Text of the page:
1 can be Expressed as Sum of 4 Distinct Unit Fractions in 6 Ways/Proof 2

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Theorem

The number $1$ can be expressed as the sum of $4$ distinct unit fractions in $6$ different ways:

\(\displaystyle 1\) \(=\) \(\displaystyle \frac 1 2 + \frac 1 3 + \frac 1 7 + \frac 1 {42}\)
\(\displaystyle \) \(=\) \(\displaystyle \frac 1 2 + \frac 1 3 + \frac 1 8 + \frac 1 {24}\)
\(\displaystyle \) \(=\) \(\displaystyle \frac 1 2 + \frac 1 3 + \frac 1 9 + \frac 1 {18}\)
\(\displaystyle \) \(=\) \(\displaystyle \frac 1 2 + \frac 1 3 + \frac 1 {10} + \frac 1 {15}\)
\(\displaystyle \) \(=\) \(\displaystyle \frac 1 2 + \frac 1 4 + \frac 1 5 + \frac 1 {20}\)
\(\displaystyle \) \(=\) \(\displaystyle \frac 1 2 + \frac 1 4 + \frac 1 6 + \frac 1 {12}\)


Proof

From Sum of 4 Unit Fractions that equals 1:

There are $14$ ways to represent $1$ as the sum of exactly $4$ unit fractions.


This includes repeated unit fractions.


The full list is:

\((1):\quad\) \(\displaystyle \) \(\) \(\displaystyle \dfrac 1 2 + \dfrac 1 3 + \dfrac 1 7 + \dfrac 1 {42}\)
\((2):\quad\) \(\displaystyle \) \(\) \(\displaystyle \dfrac 1 2 + \dfrac 1 3 + \dfrac 1 8 + \dfrac 1 {24}\)
\((3):\quad\) \(\displaystyle \) \(\) \(\displaystyle \dfrac 1 2 + \dfrac 1 3 + \dfrac 1 9 + \dfrac 1 {18}\)
\((4):\quad\) \(\displaystyle \) \(\) \(\displaystyle \dfrac 1 2 + \dfrac 1 3 + \dfrac 1 {10} + \dfrac 1 {15}\)
\((5):\quad\) \(\displaystyle \) \(\) \(\displaystyle \dfrac 1 2 + \dfrac 1 3 + \dfrac 1 {12} + \dfrac 1 {12}\)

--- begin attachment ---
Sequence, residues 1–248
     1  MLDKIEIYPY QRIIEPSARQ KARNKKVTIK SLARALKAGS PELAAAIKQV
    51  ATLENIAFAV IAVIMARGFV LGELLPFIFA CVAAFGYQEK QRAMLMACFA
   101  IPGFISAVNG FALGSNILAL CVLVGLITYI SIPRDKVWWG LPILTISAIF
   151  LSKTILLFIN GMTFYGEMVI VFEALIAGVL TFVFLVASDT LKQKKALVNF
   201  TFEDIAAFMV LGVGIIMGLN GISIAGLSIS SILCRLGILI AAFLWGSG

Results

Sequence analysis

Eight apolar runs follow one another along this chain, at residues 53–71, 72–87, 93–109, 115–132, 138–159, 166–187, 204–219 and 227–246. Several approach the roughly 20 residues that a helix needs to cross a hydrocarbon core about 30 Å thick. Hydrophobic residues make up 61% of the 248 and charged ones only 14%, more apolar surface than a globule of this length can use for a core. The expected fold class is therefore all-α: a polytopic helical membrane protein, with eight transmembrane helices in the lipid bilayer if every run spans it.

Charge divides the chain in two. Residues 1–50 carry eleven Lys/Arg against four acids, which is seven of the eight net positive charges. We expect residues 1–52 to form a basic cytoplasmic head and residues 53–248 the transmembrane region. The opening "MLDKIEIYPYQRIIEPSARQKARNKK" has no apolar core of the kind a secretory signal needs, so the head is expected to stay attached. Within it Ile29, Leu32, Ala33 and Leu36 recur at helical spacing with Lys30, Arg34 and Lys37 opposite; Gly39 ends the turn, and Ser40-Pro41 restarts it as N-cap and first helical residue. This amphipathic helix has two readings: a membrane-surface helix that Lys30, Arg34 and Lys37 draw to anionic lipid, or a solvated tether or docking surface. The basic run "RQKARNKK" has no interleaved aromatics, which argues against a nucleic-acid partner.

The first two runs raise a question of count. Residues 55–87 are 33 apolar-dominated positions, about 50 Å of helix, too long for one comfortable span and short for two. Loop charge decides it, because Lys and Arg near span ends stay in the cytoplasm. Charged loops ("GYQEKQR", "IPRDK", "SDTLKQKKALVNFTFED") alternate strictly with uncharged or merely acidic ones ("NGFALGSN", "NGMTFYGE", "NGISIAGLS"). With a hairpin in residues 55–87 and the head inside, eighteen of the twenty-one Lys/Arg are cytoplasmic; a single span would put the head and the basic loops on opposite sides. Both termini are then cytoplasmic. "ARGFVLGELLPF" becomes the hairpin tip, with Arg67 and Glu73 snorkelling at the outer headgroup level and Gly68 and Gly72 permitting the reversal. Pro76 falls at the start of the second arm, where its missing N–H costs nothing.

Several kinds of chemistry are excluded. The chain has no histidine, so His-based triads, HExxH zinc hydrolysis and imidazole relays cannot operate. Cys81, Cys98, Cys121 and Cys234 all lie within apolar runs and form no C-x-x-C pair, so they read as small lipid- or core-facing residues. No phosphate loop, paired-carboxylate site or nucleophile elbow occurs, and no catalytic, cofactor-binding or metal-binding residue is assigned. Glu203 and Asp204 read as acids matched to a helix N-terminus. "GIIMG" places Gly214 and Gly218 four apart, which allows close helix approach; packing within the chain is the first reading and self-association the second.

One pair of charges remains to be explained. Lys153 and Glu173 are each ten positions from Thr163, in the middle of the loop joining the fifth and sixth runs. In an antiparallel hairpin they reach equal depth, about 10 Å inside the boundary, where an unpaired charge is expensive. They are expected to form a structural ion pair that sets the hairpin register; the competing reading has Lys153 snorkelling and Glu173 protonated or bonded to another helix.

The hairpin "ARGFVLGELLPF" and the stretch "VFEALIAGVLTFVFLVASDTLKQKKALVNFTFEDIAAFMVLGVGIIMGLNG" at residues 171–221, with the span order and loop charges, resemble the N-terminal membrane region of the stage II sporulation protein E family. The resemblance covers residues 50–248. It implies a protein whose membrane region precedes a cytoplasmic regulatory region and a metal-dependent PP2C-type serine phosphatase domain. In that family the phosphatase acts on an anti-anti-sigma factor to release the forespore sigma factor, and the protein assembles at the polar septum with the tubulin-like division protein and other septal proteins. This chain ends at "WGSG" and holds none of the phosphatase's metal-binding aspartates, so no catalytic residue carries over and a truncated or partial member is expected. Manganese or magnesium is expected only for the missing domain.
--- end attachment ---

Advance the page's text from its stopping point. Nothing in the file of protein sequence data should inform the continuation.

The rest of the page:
\((6):\quad\) \(\displaystyle \) \(\) \(\displaystyle \dfrac 1 2 + \dfrac 1 4 + \dfrac 1 5 + \dfrac 1 {20}\)
\((7):\quad\) \(\displaystyle \) \(\) \(\displaystyle \dfrac 1 2 + \dfrac 1 4 + \dfrac 1 6 + \dfrac 1 {12}\)
\((8):\quad\) \(\displaystyle \) \(\) \(\displaystyle \dfrac 1 2 + \dfrac 1 4 + \dfrac 1 8 + \dfrac 1 8\)
\((9):\quad\) \(\displaystyle \) \(\) \(\displaystyle \dfrac 1 2 + \dfrac 1 5 + \dfrac 1 5 + \dfrac 1 {10}\)
\((10):\quad\) \(\displaystyle \) \(\) \(\displaystyle \dfrac 1 2 + \dfrac 1 6 + \dfrac 1 6 + \dfrac 1 6\)
\((11):\quad\) \(\displaystyle \) \(\) \(\displaystyle \dfrac 1 3 + \dfrac 1 3 + \dfrac 1 4 + \dfrac 1 {12}\)
\((12):\quad\) \(\displaystyle \) \(\) \(\displaystyle \dfrac 1 3 + \dfrac 1 3 + \dfrac 1 6 + \dfrac 1 {6}\)
\((13):\quad\) \(\displaystyle \) \(\) \(\displaystyle \dfrac 1 3 + \dfrac 1 4 + \dfrac 1 4 + \dfrac 1 6\)
\((14):\quad\) \(\displaystyle \) \(\) \(\displaystyle \dfrac 1 4 + \dfrac 1 4 + \dfrac 1 4 + \dfrac 1 4\)


The result follows from inspection: solutions $(1)$, $(2)$, $(3)$, $(4)$, $(6)$ and $(7)$ are the only solutions of the above such that the denominators of the summands are distinct.

$\blacksquare$